The four masters of Haiku, known as the “The Great Four”, are Matsuo Basho, Kobayashi Issa, Masaoka Shiki, and Yosa Buson. It is to them the students of Haiku turn to grasp the way. The first and the most sublime of them all, Matsuo Basho of the Edo period of Japan, travelled far and wide and often disappeared into the wilderness of the north to catch the fleeting light of the moments of plain rural life. The following Haiku are seeds fallen from his traveling sack, poitnig us to the path. You can enjoy them unaware, and find something growing on you much after it is all over, or you can open your eyes and look around into them as an initiate would, and find your own dirt paths.
"It's not like anything they compare it to -the summer moon."
It is only when the mind tries to compare that true beauty escapes comparison, thus becoming unparalleled. The mind’s helplessness gives birth to wonder.
"In Kyoto Hearing the cuckoo's cry I long for Kyoto…"
This urge, which only seems mad because the poet is in Kyoto and is longing for it too, is an urge for the essence of Kyoto – the scent, which can never be possessed. Hence, the longing. The cuckoo’s cry is perhaps the poet’s cry too. It is the poet’s longing for his own essence, clear of the wandering mind… Like a wave yearning for the ocean. These are all mirrors. All paths.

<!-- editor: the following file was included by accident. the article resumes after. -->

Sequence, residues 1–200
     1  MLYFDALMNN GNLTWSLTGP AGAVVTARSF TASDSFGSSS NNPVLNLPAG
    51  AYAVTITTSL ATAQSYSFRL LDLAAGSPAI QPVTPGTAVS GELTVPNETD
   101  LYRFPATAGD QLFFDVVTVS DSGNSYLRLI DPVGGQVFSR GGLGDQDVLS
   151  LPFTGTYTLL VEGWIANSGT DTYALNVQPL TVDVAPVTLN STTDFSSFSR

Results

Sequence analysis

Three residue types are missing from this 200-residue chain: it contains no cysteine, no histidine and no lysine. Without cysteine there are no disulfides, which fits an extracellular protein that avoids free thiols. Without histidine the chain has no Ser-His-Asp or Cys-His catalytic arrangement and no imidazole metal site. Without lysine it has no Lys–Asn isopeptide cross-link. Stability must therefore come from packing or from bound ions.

"Scent of chrysanthemums… And in Nara All the ancient Buddhas."
The ancient and the present, held together in one moment. Also, the wisdom of the Buddhas likened to the scent of chrysanthemums. Something so fleeting, wrapped in a moment. And yet, a continuum, like every flowing moment.
“A honeybee Staggers Out of the peony.”
Staggers… A word indicating loss of control. An unhinging. Feet that cannot bear the beauty of the fullness received. Thus sated, the bee leaves the peony flower, just as a drunken lover leaves a tavern or a disciple leaves the master, having partaken of bliss. The moment is the peony. Bliss is in the staggering out. You and I are the bee, leaving the tavern full and mindless in the most poetic, as well as literal sense. And the nectar is the essence of us all, and of this meeting.
This is what Haiku does. It takes you into a timeless presence. All you need to do is to be there at that edge of the moment, awake. And reading Basho is to slip knowingly to that edge…where moments don’t stand out, but turn into a river of awareness. And it is a life-skill. To be able to merge with your own direction, instead of being hurled about by circumstance, is grace.
To this grace, to this dazzling way of Haiku, we kneel and kiss the ground.